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Graeler Park Garden Club invites all interested gardeners to participate at 10 a.m. on the second Saturday of each gardening month.  Our Garden Club is headed by Maryann Hale to oversee FLOWER GARDENS at the pool. 

A second potential gardening opportunity is the Graeler Park VEGETABLE GARDEN Co-op. 
Please review this proposed project below and give your feedback on the blog page.  Interest determines if this project occurs this year, next, or ever.

Graeler Park residents and members have an opportunity to grow vegetables in a huge community garden segmented into large personal gardens.  The lower field at the pool has waited many years for this productive purpose.  Each personal vegetable garden will be 600 square feet and all gardeners share a separate perennial berry patch.  This horticultural opportunity is consistent with expanding community involvement while intended as a fun and practical strategic option in a recessionary economy as analysts speak the d-word.


Reduce that grocery bill and enjoy an abundance of produce without digging up your yard.  Gardening is more fun with friends and neighbors working nearby plots as participants will be amazed at the amount of vegetables your garden will yield.  Please look at the chart at the bottom of the page that will give you an idea of the expected yield from a 600 square foot individual garden.


Our financial goal is to breakeven as any surplus will go toward wireless security cameras or a locking tool bin with onsite tools.  Fee includes fall disc-plowing, spring tilling, land lease, seeds, water bill, use of water hose, and a harvest picnic.   


Over the years, Graeler Park has steadily expanded community activity.  Volunteers run the pool and the programs as our many members enjoy healthy activities and festive occasions in a friendly setting.  Members enjoy the free water aerobics, the swim team, free swim lessons, and our current garden club that beautifies the grounds with flower gardens.  Our vegetable garden co-op is another great neighborhood opportunity.

Please choose your option of investing time or money. (1 of 3 options)

Personal Garden Option = Owner investing time and money in a private garden.
I will invest $100 for my garden, plant and care for it myself, and others can keep out. Seeds are included and my garden will be plowed, tilled, and encircled with a string for me. 

Dirt Cheap Option = Sharecropper committing time to the co-op garden.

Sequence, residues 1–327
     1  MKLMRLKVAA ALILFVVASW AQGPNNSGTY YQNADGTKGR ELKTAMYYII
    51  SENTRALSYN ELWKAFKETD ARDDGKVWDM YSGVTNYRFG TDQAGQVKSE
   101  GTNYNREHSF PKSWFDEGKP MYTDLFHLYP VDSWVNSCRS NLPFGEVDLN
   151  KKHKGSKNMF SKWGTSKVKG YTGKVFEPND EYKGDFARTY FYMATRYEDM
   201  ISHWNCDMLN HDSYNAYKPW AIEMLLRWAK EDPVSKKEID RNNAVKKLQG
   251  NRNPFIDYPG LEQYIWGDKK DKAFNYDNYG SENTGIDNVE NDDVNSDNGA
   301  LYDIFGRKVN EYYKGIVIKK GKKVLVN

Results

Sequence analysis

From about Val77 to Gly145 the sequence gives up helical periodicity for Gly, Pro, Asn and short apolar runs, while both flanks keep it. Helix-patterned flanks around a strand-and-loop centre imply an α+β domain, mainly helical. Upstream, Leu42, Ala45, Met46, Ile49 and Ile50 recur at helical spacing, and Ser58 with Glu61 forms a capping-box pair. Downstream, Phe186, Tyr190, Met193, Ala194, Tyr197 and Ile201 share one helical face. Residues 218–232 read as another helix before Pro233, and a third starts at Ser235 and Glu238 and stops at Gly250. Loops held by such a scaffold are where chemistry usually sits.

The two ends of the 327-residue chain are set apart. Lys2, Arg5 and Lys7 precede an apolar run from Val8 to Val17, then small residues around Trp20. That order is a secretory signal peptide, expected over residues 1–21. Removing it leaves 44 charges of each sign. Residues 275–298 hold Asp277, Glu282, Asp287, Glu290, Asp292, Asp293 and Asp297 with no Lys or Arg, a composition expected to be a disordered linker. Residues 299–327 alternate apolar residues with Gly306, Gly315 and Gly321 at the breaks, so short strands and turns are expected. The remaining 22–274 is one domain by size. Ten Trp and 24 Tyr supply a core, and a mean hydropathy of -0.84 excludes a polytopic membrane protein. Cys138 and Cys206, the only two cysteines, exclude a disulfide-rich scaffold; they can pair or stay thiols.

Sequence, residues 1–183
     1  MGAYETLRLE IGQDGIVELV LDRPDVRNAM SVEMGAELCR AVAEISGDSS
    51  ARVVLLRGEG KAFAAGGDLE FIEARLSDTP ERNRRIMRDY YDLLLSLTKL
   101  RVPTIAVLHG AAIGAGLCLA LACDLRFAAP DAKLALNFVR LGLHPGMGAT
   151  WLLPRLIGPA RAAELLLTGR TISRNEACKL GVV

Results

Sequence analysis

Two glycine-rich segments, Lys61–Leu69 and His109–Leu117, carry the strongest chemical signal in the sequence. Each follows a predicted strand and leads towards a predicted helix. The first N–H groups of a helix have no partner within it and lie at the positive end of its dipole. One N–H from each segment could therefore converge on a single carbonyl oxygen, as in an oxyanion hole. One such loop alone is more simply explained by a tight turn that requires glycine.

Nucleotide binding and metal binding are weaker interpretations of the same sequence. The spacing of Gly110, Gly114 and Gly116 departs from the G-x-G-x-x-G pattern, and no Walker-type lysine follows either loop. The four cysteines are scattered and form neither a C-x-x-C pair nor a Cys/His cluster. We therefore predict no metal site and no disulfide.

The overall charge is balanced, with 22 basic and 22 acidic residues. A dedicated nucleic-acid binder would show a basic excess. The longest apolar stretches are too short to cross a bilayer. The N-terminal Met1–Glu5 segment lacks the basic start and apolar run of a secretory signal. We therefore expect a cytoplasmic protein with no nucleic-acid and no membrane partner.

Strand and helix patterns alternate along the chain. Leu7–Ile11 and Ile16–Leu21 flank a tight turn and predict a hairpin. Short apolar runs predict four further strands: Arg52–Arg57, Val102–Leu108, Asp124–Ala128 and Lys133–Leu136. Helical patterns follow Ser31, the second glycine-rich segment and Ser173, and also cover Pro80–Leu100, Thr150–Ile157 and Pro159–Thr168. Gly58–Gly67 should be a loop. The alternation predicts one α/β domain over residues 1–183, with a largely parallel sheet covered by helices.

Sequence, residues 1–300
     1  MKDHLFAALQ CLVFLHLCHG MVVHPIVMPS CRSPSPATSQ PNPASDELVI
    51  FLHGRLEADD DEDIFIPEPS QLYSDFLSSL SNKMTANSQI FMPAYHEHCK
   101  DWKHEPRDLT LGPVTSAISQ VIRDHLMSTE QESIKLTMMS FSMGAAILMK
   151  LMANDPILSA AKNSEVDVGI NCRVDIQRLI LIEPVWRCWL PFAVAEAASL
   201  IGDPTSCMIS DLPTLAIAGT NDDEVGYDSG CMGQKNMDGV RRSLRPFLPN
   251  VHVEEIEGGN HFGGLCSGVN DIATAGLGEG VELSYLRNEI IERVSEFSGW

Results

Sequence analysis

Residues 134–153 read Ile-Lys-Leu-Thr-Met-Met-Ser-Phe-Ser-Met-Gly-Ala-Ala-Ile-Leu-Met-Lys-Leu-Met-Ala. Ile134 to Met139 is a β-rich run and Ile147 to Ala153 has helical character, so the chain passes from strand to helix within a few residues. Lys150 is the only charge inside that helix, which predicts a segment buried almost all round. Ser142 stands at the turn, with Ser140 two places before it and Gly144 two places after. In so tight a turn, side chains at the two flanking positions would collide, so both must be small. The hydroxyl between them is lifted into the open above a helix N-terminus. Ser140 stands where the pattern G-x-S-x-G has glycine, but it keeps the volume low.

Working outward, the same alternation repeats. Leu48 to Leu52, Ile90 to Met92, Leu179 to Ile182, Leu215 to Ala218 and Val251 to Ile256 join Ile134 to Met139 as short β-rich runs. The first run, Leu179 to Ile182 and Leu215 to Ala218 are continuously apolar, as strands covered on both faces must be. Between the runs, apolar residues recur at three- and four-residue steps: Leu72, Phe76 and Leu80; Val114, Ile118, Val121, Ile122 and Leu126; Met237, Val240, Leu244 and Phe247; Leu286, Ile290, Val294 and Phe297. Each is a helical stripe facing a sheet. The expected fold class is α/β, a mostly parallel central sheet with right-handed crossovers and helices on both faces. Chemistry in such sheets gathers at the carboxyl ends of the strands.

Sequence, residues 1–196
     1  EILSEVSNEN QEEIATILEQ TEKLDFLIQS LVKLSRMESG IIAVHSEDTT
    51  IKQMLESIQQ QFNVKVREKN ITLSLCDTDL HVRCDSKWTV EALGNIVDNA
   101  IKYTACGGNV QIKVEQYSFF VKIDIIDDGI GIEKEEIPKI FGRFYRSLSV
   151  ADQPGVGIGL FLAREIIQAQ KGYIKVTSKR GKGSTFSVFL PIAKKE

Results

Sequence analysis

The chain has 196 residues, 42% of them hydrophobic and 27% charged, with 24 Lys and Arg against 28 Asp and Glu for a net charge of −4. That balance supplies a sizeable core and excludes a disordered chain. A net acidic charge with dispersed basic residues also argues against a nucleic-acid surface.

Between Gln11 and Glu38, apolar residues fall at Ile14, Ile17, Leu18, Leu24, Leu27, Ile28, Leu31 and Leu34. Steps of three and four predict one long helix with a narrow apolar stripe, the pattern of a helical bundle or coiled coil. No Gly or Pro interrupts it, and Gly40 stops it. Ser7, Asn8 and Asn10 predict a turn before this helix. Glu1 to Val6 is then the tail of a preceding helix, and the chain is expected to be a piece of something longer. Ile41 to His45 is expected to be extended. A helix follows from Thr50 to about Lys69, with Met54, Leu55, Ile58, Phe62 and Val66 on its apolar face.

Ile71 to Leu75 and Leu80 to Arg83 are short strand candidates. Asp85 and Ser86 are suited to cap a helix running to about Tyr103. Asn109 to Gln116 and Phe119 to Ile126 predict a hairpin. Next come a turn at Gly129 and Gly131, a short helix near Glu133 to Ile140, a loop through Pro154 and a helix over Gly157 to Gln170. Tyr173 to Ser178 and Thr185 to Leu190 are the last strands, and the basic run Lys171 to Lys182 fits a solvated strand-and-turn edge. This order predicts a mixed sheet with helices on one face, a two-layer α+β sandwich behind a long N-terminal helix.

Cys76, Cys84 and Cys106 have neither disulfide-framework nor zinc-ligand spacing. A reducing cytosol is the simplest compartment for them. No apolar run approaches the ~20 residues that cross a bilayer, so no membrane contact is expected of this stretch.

I love gardening and I will be happy to toil in the soil for five hours a week. The owner and I will equally share the bounty from the garden(s) that I oversee. Seeds are included and the garden will already be plowed and tilled for me. 

Easy Option = Owner supporting the cost of a co-op garden.

I will pay $100 for my garden, select the crops, visit occasionally, and help pick at harvest time.  Sharecroppers will do most of the gardening and I will share equally in the bounty. It will be well worth it. 

Benevolent Supporter = Non-gardener 
I will donate $20 for my family to attend the harvest picnic.



I will pay $75 to have my personal garden encircled in knee-high chicken wire for me. 

Please send an email to
with your choice of OPTIONS
easy, dirt cheap, or personal garden.
or give feedback on the GPblog page.

Seed Planting Chart



Plants per 4 Persons

Seeds Needed*

Percent of  600 sq ft Garden 



Asparagus9" to 12"32 plants32546
Bush Beans4" to 6"80 to 120 foot row360123
Beets4"60 foot row180337-99
Broccoli24' to 30"12 to 15 plants1515174-330
Cabbage24' to 36"12 to 15 plants151899-370
Carrots2" to 4"40 foot row2404385-850
Cauliflower18" to 24"12 to 15 plants1510174-330
Corn8" to 12"140 foot row210265-6
Cucumbers8" to 36"6 to 8 plants8635
Kohlrabi6" to 8"12 to 15 foot row303257-330
Leaf Lettuce12"20 to 30 foot row305935
Mustard6"3 to 4 plants41462
Green Onions1" to 2"10 foot row1202440
Peas2"120 to 160 foot row96043
Peppers18" to 24"6 to 10 plants106154
Pumpkins36" to 48"3 plants386
Radishes2"20 foot row120170-160
Spinach12"10 to 20 foot row20350-150
Squash36" to 48"3 plants3810
Tomatoes24" to 36"10 to 15 plants1518350
Turnips4" to 6"10 to 15 foot row452275-530



The tall crops such as peas, beans and corn, should be planted on the north side of the vegetable garden. In this way they will not shade the rest of the vegetable crops.

In the center of the vegetable garden area, plant the medium sized crops such as cabbage, cauliflower, broccoli, tomatoes, squash, pumpkins and other mediums sized crops.

Then at the very southern end of the garden is where the low growing crops like radishes, carrots, beets, lettuce, onions and other low growing ones are planted.

By taking a little time in planning the layout of your vegetable garden now, before planting, your chances of harvesting a more bountiful yield this summer and fall are greatly increased.


There are a few procedural rules that will be forwarded to participants.  Maintaining a proper ratio of sharecroppers to co-op owners may require restricting participation.


Gardens can grow more than you will consume.
 America's Second Harvest / Feeding America

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